The Wednesday Politics Thread: The Crime Was Existing

He was wearing orange shorts. He was 19 years old and looked every bit like the stereotypical college stoner. He was standing on the platform for the light-rail and just staring at his phone. He interacted with no one, said nothing, just stood there in the sunshine.

The officer was probably pissed off just looking at him. The officer worked for the local university and this was not an uncommon feeling amongst them.

The officer attempted to call him over. The kid didn’t seem to hear him or, according to the officer, was purposefully ignoring him. The officer called to him again. There was eye contact and the officer motioned for him to come over. Mr. Orange Shorts stayed where he was and went back to looking at his phone. 

The officer yelled at MOS to come over to him “right fucking now!”. MOS seemed to think he had done nothing wrong, so he shook his head “no” to the officer’s command. 

The officer tells dispatch he has a belligerent subject standing on the platform and he is going to make contact. “He’s not listening to me” he tells dispatch. Mr. Orange Shorts takes off running. 

He runs onto the light-rail tracks and the officer pursues. He radios to dispatch that he is in foot pursuit and begins describing the subject and his heading. 

At this point, as is standard operating procedure, dispatch asks: “What is the probable cause for the pursuit?”. 

Already breathing hard, the officer replies: “He ran onto the tracks!”

Let me remind you here that OFFICERS WRITE THE NARRATIVE. Officers are selected, then complete an 18 to 22 week course, and are then sworn to uphold the law. They are the bastions of honor and integrity.

They are also, a lot of times, completely full of shit. The reports are written to make the suspect look guilty and the officer look good in taking them off the streets. It’s worse when you piss the officers off. It should not be personal, yet it seems to go that route too often. 

It is good when actual bad persons are appropriately punished for their misdeeds. How can you always know the difference?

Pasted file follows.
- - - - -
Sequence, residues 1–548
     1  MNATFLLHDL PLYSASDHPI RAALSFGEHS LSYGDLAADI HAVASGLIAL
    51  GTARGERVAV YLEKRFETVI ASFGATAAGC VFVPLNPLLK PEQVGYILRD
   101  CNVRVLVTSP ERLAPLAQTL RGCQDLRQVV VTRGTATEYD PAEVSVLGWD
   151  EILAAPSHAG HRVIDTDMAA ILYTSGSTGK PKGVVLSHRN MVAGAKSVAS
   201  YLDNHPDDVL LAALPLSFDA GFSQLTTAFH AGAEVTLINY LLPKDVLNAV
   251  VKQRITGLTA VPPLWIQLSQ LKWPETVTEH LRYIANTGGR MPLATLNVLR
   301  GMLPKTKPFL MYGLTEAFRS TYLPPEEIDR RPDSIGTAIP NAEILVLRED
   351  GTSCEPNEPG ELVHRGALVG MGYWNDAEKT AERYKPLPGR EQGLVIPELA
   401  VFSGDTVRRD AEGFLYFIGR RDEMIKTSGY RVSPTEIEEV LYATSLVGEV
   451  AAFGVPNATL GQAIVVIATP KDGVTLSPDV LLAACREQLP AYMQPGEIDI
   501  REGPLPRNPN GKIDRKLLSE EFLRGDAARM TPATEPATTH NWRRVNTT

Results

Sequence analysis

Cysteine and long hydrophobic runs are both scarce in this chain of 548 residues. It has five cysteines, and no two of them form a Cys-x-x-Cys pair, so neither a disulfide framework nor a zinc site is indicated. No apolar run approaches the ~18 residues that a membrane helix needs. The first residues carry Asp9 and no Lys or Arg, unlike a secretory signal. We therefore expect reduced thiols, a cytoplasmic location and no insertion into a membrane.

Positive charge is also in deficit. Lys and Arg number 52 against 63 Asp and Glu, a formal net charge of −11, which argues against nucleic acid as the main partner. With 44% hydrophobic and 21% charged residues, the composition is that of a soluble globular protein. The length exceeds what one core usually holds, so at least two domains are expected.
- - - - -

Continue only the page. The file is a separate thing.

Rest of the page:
The officer had lost sight of Mr. Orange Shorts. An Olympic runner the officer was not. University police dispatch had put it out on the mutual aid frequency for any nearby available units to assist their officer with the pursuit. Another officer and I responded. Not long after, we found Mr. Orange Shorts sitting on a curb, sweating, and breathing heavily. He didn’t resist. We let dispatch know where we were. Not too far from the initial point of contact.

The officer approached us and began to give his version of events. By the time he had arrived, I had searched (no contraband or weapons found fyi) and already spoken with Mr. Orange Shorts about what happened from his view. He said he ran because he was scared.

The officer wanted to charge him with failure to comply with an order and [passive] resisting arrest (both misdemeanors. He was so mad that he also wanted to add unlawful flight (a felony), but it was pointed out to him that Mr. Orange Shorts wasn’t driving a vehicle. 

I asked the officer what MOS was doing when he attempted to make contact. 

Officer: “He disobeyed my orders and then ran onto the tracks.”

Me: “Yeah, but how did he get your attention? What was he doing?”

This is where I should mention that, as officers responding on an agency assist, an addendum to the primary officer’s report needed to be written. What I was called for, what I witnessed, my actions during the incident, etc. 

I asked again: “What did he do exactly?”

Officer: “He was acting sketchy and didn’t come to me when he was ordered to do so. Then he ran away from me onto the tracks. It was a good stop.”

I disagreed and so did my fellow officer. Correlation does not imply causation.

I do not know what I would have been able to do had one of my partners not been there. He and I conferred for a few minutes and then let the officer know that we would not cosign on this arrest. Even his dispatch had no idea what the actual reason for the contact was. The on-duty Sergeant arrived and we explained our rationale and he agreed. 

Mr. Orange Shorts was free to go. 

I am highlighting this event because of something that has troubled me for a long time. College students, like MOS, often can get charged for nothing more than pissing off the officers in the university police department. These charges, some serious-some not, and whether they get convicted or not, can follow them for years. They can miss out on job opportunities and have the trajectory of their lives altered irreparably. 

This predominantly affects Black students.

Mr. Orange Shorts could have been Pablo Escobar or Jeffrey Dahmer then or in the future, but as I saw it, he didn’t commit an arrestable offense that day. He just pissed off an officer with a sensitive ego, obviously the most serious of crimes, by merely existing.

McSquirrel yada, yada, yada.